Kurt Lewin’s change model is encouraged in facilitating the changes within AN (Lewin, 2013). Change is inevitable in organizations regardless of age, size and industry. Effective management of change will be critical in meeting the desired vision and mission of AN in serving warriors and their families. Lewin’s change model involve three stages, the first stage is known as Unfreezing, second stage in known as Change stage and the third stage is known as the Refreezing stage (Lewin, 2013). It has been noted that Unfreezing stage will determine what is to change within AN, making sure that the upper management supports the change model, creating a need of change within the facility and understanding and managing concerns and doubts of various stakeholders (Lewin, 2013).
Change stage will involve communicating often, dispelling rumors, empowering nurses and involving all the people within the department for the change process (Lewin, 2013). Refreezing stage will involve anchoring the changes strongly in the organizational culture, developing models of sustaining the changes, facilitating training and support and finally celebrating successes of the change initiative within AN (Lewin, 2013). It is worth noting that all the stakeholders within AN must be actively involved in the change process, it is not only the nurses. The change effort must be supported by all the stakeholders in sustaining the new developments (Sare & Ogilvie, 2009).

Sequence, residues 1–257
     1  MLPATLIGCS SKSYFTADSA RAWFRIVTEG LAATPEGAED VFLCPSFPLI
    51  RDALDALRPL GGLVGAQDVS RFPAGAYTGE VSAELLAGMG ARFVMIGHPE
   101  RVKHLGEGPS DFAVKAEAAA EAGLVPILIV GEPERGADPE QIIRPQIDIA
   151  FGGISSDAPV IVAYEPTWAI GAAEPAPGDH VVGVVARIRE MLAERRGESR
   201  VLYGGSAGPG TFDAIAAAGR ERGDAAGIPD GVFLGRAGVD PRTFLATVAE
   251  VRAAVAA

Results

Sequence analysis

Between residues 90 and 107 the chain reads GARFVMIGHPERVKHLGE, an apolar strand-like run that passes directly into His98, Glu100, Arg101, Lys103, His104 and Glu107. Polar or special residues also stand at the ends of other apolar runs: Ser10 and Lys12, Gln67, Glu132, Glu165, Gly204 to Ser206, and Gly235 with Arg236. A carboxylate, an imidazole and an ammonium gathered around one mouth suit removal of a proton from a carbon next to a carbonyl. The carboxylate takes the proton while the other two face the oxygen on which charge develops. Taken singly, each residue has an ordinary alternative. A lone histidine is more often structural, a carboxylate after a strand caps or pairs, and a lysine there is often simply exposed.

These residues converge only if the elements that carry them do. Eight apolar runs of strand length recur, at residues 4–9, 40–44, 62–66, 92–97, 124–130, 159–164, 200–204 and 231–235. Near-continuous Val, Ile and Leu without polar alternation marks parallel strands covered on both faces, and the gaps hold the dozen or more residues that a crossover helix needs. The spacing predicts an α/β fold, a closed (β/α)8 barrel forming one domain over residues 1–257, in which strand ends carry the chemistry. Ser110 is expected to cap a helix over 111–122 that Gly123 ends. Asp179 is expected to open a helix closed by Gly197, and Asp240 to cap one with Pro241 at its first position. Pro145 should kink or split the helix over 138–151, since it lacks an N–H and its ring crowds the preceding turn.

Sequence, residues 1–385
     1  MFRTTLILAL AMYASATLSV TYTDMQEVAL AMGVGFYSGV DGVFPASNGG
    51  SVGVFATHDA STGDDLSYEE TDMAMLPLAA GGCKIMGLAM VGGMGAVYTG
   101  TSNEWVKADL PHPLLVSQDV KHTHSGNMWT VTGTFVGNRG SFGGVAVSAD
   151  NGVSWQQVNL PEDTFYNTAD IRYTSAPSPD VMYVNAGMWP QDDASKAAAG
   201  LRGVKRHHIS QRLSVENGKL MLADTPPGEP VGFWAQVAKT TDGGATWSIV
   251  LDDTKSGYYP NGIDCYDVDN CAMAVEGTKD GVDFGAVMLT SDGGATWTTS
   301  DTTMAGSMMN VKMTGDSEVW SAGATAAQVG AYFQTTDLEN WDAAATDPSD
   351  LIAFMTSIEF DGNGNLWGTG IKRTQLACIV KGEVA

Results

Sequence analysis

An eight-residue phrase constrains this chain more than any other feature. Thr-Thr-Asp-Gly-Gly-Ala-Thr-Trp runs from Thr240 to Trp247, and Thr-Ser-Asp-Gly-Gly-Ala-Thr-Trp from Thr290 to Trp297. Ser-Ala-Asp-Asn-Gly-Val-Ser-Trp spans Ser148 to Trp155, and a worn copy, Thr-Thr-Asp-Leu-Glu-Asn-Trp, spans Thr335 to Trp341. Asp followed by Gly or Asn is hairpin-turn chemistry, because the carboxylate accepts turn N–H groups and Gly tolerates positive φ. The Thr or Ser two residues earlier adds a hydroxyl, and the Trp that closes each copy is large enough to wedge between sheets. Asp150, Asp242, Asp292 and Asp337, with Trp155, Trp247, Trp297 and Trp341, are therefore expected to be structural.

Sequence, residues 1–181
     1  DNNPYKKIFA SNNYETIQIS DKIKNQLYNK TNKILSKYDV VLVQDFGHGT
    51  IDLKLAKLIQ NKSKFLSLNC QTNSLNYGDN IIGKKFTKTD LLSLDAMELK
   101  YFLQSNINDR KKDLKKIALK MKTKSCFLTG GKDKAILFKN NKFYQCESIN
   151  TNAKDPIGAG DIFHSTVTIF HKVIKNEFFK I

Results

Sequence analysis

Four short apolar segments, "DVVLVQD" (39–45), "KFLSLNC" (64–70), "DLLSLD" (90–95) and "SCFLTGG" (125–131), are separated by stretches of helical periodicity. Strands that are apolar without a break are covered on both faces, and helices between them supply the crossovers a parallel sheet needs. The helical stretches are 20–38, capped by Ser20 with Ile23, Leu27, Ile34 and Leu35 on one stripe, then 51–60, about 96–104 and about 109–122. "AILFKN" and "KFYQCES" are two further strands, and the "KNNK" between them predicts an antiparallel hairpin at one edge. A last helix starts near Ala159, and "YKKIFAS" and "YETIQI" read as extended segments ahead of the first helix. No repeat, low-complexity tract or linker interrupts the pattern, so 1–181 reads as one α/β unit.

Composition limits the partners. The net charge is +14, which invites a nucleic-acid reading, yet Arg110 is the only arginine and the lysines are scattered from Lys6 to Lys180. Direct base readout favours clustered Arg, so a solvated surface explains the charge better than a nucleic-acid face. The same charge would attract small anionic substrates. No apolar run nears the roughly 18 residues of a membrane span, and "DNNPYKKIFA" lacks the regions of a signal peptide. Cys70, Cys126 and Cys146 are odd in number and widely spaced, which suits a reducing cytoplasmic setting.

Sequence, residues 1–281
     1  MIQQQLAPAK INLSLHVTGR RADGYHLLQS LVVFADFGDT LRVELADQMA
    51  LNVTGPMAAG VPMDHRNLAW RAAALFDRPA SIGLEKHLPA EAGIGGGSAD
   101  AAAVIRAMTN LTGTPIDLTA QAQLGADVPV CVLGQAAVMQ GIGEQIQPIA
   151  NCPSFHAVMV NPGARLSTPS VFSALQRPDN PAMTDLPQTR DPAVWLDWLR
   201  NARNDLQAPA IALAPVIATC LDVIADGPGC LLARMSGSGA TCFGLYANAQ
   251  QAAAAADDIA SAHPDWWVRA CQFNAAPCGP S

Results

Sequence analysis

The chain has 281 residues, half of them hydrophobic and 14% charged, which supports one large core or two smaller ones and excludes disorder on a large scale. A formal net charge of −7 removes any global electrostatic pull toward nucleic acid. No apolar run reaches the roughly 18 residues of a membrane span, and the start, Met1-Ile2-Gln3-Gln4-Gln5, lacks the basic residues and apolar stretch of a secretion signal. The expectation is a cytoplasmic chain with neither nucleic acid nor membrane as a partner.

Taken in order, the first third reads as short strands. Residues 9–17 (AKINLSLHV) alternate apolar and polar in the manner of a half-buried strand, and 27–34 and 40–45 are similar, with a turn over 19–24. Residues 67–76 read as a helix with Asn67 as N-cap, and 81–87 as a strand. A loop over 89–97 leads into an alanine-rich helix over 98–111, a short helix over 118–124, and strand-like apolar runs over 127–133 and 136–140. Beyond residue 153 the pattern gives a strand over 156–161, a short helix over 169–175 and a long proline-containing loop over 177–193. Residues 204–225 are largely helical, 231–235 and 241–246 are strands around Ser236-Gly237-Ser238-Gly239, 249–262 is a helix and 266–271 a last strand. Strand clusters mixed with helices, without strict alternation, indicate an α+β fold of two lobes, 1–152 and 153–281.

Delivering change within AN is critical in making sure that the facility is as efficient as possible. Lewin’s Change management model is applied in leading the change initiative within AN. The leader plays a critical role in making sure that the change processes is implemented in meeting the vision and the mission of the facility by making sure that punctuality of nurses is maintained and absenteeism is highly discouraged.
Lewin, K. (2013). Lewin’s Change Management Model, Understanding the Three Stages of Change. Retrieved December 30, 2013, from Nwacademy.nhs.uk: http://www.nwacademy.nhs.uk/sites/default/files/86_1722011_lewin_s_change_management_model.pdf
Sare, M. & Ogilvie, L. (2009). Strategic Planning For Nurses: Change Management In Health Care. Sudbury, MA: Jones & Bartlett Learning.